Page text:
TVP federation calls for scrapping of degree-holder entry route
The chair of the Thames Valley Police Federation is calling on the College of Police to scrap the degree-holder entry programme (DHEP) due to the impact it is having on frontline services.
Craig O’Leary said policing risks grinding to a halt due to the use of such “restrictive” new entry routes that mean new officers are unavailable for frontline duties for weeks at a time due to Protected Learning Time (PLT), where trainees spend 20 per cent of their work time studying.
Mr O’Leary said he welcomed the Government’s decision to uplift policing numbers, but that the new training schemes were not working and were creating “a ludicrous situation that places unreasonable demands on our new recruits”.
“The time has now come for the College of Policing to stop and take stock of the policing entry routes before policing grinds to a halt. The College insisted that we must permeate policing with degree-holders to improve and diversify our numbers. So we have been left with the Police Constable degree apprenticeship (PCDA) and degree-holder entry programme. Why do people need a post-grad diploma in order to become police officers?”
The traditional route into policing, the Initial Police Learning and Development Programme (IPLDP) is being phased out by the College in June 2022, but Mr O’Leary said this route encouraged a more diverse intake and allowed forces to be flexible.
“The IPLDP was a perfectly good scheme that meant those with degrees could join without the need to have to obtain a further degree, making it a much more attractive proposition and causing no issues with officers missing from the frontline due to PLT. It made planning for forces a lot easier and gave them more flexibility for intake plans.”
“Instead of throwing the baby out with the bathwater, the College of Policing should focus on trying to rescue the situation by swallowing their pride and reflecting on the damage they are causing to police recruitment and resourcing before it is too late.
“Scrap the DHEP entry route and modernise the IPLDP route, which will in turn mean that we don’t lose frontline police officers for weeks at a time and ensure that we can meet the demands of the public that we serve.”
“The current intakes are not attracting those who bring significant life skills, such as ex-military. There is a difference between having the ability to study at degree level and having the appetite to do so. We are restricting the pool of candidates by not keeping IPLDP. How is this helping with diversity? A police force is supposed to be truly reflective of the communities within it, and yet the existing entry routes are denying large parts of our communities the opportunity.”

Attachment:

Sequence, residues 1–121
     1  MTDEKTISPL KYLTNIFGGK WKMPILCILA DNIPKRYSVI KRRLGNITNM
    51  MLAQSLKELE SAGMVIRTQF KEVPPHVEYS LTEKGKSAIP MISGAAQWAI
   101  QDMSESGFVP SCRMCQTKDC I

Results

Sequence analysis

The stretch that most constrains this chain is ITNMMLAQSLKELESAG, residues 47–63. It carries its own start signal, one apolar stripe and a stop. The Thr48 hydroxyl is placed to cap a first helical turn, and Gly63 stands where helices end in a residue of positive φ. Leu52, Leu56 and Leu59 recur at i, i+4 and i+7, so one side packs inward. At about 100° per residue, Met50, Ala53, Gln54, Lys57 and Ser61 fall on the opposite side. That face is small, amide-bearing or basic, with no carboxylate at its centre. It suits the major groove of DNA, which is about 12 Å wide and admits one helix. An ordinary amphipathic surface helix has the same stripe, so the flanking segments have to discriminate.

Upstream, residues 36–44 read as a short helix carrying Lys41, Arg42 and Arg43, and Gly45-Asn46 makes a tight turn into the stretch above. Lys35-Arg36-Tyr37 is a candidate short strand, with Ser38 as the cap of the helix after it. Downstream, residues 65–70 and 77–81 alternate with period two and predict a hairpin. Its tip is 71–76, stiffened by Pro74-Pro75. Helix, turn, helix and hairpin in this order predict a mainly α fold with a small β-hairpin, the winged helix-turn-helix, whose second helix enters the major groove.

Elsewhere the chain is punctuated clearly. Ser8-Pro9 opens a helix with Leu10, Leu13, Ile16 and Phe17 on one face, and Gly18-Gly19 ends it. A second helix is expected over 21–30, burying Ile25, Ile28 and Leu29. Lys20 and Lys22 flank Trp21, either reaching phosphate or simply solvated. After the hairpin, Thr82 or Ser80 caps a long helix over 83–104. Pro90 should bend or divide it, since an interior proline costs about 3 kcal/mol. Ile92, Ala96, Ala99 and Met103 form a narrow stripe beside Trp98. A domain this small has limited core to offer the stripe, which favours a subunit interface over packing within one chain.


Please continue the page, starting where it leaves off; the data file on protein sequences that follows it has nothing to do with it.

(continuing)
Jo Noakes, Director at the College of Policing, said: “New police training introduced by the College of Policing is now operating in 38 out of 43 police forces in England and Wales and our significant overhaul of the curriculum means these officers are, for the first time, trained at the start of their careers in essential areas including ethics and integrity, digital skills and vulnerability.
“Having thousands of officers undertake the same standardised training means people living in these force areas can be confident that their new PCs receive a high level of training, consistent with officers elsewhere in the country.
“The College is continually analysing the progress of the new training, including asking the views of almost 4,000 new recruits earlier this year. Initial findings are showing encouraging results, indicating that the improved training is having a positive impact on the ability of new constables to carry out their role effectively. It is also highlighting areas for continued development.
“The initial findings show officers on the new training were better prepared, more confident, had more skills and knowledge, better equipped to understand the needs of their communities and that the training was more relevant to the role, compared to the previous training programme.
‘’Almost half of new applicants are over 25 and have experience in other sectors. We are still seeing people join policing from the armed forces and for the first time we are working with the Ministry of Defence to promote policing careers via resettlement support initiatives and the Armed Services Career Transition Partnership.
“In addition, the new training is proving more attractive to Black, Asian and ethnic minority recruits and there has been an increase in the number of women applying. Police forces are reporting equal or close to equal recruitment of women and men on the new training routes. We continue to work with forces and chief officers to resolve any implementation challenges.”